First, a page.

How These Three Women Made Mid-Career Pivots Into Data Science

The thing that bothered me the most about the #BIGDATAPH2016 Conference was how majority of the speakers wanted to source their data science talent from the university system.

I’ve talked again and again how uncomfortable I feel about this. How domain expertise, having business and industry context, is such a vital skill–not only in data science but across all domains. I feel its something we’ll miss out on if we focus too much on the technical aspect and not enough on the stories to be told.

So when I read about people who have managed to do it, people who defied the odds by pivoting their careers toward data science… I get excited. Encouraged. Especially when its women!

READ: How These Three Women Made Mid-Career Pivots Into Data Science

There’s more than one path into a successful data job than through the university system’s “talent pipeline.”

But while widening the so-called “talent pipeline” is one important way to narrow that gap, it’s not the only solution. If girls can be exposed to STEM programs early on in their educational careers, there’s no reason why adult women can’t make the leap into a data-based role later on in their professional ones.

Out of the women featured I could relate to Rebekah Iliff the most. She talks about making numbers tell a story, the same reason why I started studying data in the first place.

Iliff says saw herself as a storyteller—being able to think creatively by putting disparate pieces together. A in her world could just as well be connected to D as to B. The only hitch, she felt, was that results of those connections were more a matter of faith than calculable ROI; it was more art than science.

I’d make a guess that Iliff’s MBTI profile would say she’s an iNtuitive rather than Sensing. INtuitives tend to see the big picture. All the relationships and connections, but miss out on the details.

It’s the same reason why I moved from engineering and into project management. I didn’t like not knowing what I was building/testing/supporting things for. I envied how project managers got an end-to-end view. How they could see things from end-to-end, from initiation all the way to production. How they could see how different streams of work depended on each other. How everything was a balancing act, and the project manager was master juggler.

These days though, I’m getting greedy again. I want to see even more. I want to see the layers above the technology. I want to see the user impact–not only upon release, but months after. I want to see the large tech strategies that came into play to be able to decide on which projects to fund.

Things all far above my pay grade. Which is why I’m trying to skill up, and thankful for articles like the above for inspiration.

 

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DataQuest: Day 3-ish.

Quick update to say I’ve given DataQuest a try.

It’s radically different from the Microsoft or MOOC approach. Zero videos, all lab work. They’re big fans of the learn by doing approach.

I’m still on the (free) Python introduction, but already I can say it’s a step above Interactive Python. There are fewer walls of text and more chances to play around with code.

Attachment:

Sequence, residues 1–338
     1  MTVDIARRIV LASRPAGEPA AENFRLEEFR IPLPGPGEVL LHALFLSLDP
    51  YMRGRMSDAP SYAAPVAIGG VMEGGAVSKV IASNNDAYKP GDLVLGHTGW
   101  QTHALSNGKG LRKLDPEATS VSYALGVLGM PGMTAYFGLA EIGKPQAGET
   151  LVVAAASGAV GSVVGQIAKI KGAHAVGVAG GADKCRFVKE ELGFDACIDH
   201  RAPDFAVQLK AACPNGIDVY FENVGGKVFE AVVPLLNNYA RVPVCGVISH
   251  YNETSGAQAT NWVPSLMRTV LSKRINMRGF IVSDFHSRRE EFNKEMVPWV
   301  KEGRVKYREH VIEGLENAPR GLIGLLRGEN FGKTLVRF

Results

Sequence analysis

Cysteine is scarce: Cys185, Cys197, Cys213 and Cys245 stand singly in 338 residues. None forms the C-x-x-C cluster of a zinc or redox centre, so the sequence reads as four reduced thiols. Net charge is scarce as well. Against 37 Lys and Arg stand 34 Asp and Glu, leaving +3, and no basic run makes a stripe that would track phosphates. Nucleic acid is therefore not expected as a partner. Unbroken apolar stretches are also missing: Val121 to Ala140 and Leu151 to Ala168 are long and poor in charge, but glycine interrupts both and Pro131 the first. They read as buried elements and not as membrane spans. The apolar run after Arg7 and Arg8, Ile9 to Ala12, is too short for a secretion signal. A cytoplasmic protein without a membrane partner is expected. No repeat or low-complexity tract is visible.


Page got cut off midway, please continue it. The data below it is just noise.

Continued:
It costs ~29USD a month though. I haven’t been on the program long enough to judge if its worth it.

Also, I’ve decided to go for the Data Analyst path. I feel it’s less intimidating than the Data Scientist path. And I like that the progress bar goes up faster due to the smaller scope (I’m a bit of a completionist gamer, sorry). I can switch tracks later on anyway.

A more in-depth review in the works.

I may not love data science

Rather, I may not love data science as a whole. Just a part of it.

I’ve been having these thoughts since I started the statistics course for the Microsoft Data Science Program.

It’s boring.

I’m sorry, but it’s true. I’ve made no secret of how much I hate lectures. This course… it’s sickeningly brimming full of it. And there’s been no lab activities so far. Only reading comprehension quizzes which, frankly, can be answered by a simple Ctrl+F*.

My lack of interest has reflected in my progress. I used to average around a month per course, but now I’ve been stuck with the introductory modules for a while. It’s not realistic for me to complete by the end of the year. It’s put my target study schedule at risk.

It’s been so bad it’s made me question if I’m cut out for this whole big data business after all.

BUT BUT BUT I still have some semblance of faith.

Maybe, just maybe, I don’t have to be a data scientist. Maybe I just have to be good enough to be part of a data science team. As what the keynote speaker from the recent big data conference said,

He calls the data scientist a unicorn: difficult to find and even harder to keep. For most businesses starting out with analytics, investing in a data scientist will be too much of an overhead. Instead, he recommends to build out a data science team with distributed data science skills. e.g., Team members would include a statistics expert, a communicator, a programmer, a visualizer, etc.

–my notes from Isaac Reyes’ keynote speech during #BigDataPH2016

I’m pretty confident in my communication and visualization skills. I have some programming background. It’s statistics that’s my crux. I know I’ll have to study it anyway, just so I can speak the same language.

But I have to accept I may not have the affinity towards statistics as other data science skills.